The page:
Daphne Keller is the Director of Intermediary Liability at Stanford's Center for Internet and Society. Her work focuses on platform regulation and Internet users' rights. She has published both academically and in popular press; testified and participated in legislative processes; and taught and lectured extensively. Her recent work focuses on legal protections for users’ free expression rights when state and private power intersect, particularly through platforms’ enforcement of Terms of Service or use of algorithmic ranking and recommendations. Until 2015 Daphne was Associate General Counsel for Google, where she had primary responsibility for the company’s search products. She worked on groundbreaking Intermediary Liability litigation and legislation around the world and counseled both overall product development and individual content takedown decisions.
High Res Photo of Daphne Keller
This is one of a series of posts about the pending EU General Data Protection Regulation (GDPR), and its consequences for intermediaries and user speech online. In an earlier introduction and FAQ, I discuss the GDPR’s impact on both data protection law and Internet intermediary liability law.
This is one of a series of posts about the pending EU General Data Protection Regulation (GDPR), and its consequences for intermediaries and user speech online.
Most intermediaries offer legal “Notice and Takedown” systems – tools for people to alert the company if user-generated content violates the law, and for the company to remove that content if necessary.
If you paid attention to Mark Zuckerberg’s testimony before Congress last month, you might have gotten the impression that the internet consists entirely of titanic, California-based companies like Twitter, Facebook and Google. Congress is right to call these companies to account for outsize harms like disclosing personal data about many millions of users. But it is very wrong to act as though these companies are representative of the whole internet.
These comments address the issue of transparency under the GDPR, as that topic arises in the context of Internet intermediaries and the “Right to Be Forgotten.” CIS Intermediary Liability Director Daphne Keller filed them in response to a public call for comments from the Article 29 Working Party – the EU-wide umbrella group of data protection regulators established under the 1995 Directive, soon to be succeeded by the European Data Protection Board established under the GDPR.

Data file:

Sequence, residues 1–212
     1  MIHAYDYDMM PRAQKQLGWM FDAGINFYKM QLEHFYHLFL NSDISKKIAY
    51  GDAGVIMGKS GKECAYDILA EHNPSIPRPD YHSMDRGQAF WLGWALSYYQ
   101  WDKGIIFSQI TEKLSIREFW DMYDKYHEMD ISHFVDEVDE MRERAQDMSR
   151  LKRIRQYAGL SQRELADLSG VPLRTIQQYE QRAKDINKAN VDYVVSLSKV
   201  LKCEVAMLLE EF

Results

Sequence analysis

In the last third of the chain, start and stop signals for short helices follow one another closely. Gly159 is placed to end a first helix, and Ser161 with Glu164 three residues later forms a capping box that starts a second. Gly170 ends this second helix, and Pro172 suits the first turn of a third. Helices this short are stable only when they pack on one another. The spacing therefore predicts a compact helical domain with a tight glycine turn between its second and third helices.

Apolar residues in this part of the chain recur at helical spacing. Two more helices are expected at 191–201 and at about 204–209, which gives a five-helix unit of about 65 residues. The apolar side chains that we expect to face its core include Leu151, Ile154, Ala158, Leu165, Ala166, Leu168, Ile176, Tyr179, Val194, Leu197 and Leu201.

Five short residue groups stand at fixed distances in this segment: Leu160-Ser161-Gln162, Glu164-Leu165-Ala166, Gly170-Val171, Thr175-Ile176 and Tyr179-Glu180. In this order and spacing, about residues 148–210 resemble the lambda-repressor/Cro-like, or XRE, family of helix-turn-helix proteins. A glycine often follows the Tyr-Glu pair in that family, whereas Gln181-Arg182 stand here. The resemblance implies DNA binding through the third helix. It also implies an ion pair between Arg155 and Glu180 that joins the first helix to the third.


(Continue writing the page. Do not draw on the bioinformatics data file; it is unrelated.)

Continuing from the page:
Facebook has come under increased scrutiny in recent months, the social media giant’s efforts to protect its users’ data questioned.
"Daphne Keller, a former Google lawyer now at Stanford’s Center for Internet and Society, agreed that the “knowingly” language is problematic. “It creates this incentive to bury your head in the sand and not try to find bad content,” she said."
"In a recent paper, Daphne Keller, director of Intermediary Liability at the Stanford Center for Internet and Society, points out that whether and how content hosts—such as social media companies—must honor RTBF requests under the GDPR is unclear.
"Policy experts also question how the bill would actually work. Daphne Keller of the Stanford Center for Internet and Society pointed to the challenges of determining whether an ad buyer is a foreign entity, particularly if buyers rely on outside vendors to purchase ads.
“Nobody knows how to figure out who counts as Russian,” she said. “It seems extremely easy to hide your identity.”"
"Daphne Keller of the Stanford Center for Internet and Society says that the new law could push some platforms and publishers to crack down on a wide variety of speech, to avoid the threat of lawsuits. It would give them “a reason to err on the side of removing internet users’ speech in response to any controversy,” she says, “and in response to false or mistaken allegations, which are often levied against online speech.”"
Lunch: 1:00 pm
Program: 1:30 pm - 3:00 pm
Internet platforms like Facebook and Twitter play an ever-increasing role in our lives, and mediate our personal and public communications. What laws govern their choices about our speech? Come discuss the law of platforms and online free expression with CIS Intermediary Liability Director Daphne Keller.
Privacy and free speech aren't fundamentally opposed, but they do have a tendency to come into conflict — and recent developments in Europe surrounding the right to be forgotten have brought this conflict into focus. This week, we're joined by Daphne Keller of Stanford's Center For Internet And Society to discuss the collision between these two important principles.